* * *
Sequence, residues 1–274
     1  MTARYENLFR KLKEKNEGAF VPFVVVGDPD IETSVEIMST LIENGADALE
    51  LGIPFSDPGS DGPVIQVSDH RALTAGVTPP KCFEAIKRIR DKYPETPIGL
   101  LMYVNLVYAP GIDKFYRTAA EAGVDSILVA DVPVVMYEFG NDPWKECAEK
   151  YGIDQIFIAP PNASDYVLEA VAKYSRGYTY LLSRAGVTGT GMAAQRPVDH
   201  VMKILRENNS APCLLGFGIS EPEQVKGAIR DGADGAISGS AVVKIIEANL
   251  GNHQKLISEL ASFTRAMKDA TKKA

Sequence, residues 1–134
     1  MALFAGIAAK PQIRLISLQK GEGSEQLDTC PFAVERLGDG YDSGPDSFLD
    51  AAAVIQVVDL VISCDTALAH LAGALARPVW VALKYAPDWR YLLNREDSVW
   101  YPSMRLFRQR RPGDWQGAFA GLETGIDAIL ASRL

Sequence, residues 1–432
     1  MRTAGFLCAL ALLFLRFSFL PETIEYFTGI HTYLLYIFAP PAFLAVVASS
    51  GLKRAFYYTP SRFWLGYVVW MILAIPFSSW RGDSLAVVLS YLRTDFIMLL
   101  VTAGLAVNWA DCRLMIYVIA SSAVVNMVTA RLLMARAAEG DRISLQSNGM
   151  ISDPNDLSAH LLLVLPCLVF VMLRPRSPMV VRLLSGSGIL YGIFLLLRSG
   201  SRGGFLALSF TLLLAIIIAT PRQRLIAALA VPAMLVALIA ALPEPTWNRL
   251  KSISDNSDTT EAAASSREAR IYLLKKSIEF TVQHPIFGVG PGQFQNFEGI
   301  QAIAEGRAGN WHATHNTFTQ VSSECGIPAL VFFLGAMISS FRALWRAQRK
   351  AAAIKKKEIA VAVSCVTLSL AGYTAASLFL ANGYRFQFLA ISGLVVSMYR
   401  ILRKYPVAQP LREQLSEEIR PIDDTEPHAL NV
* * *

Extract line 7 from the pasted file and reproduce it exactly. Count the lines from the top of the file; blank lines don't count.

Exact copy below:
   251  GNHQKLISEL ASFTRAMKDA TKKA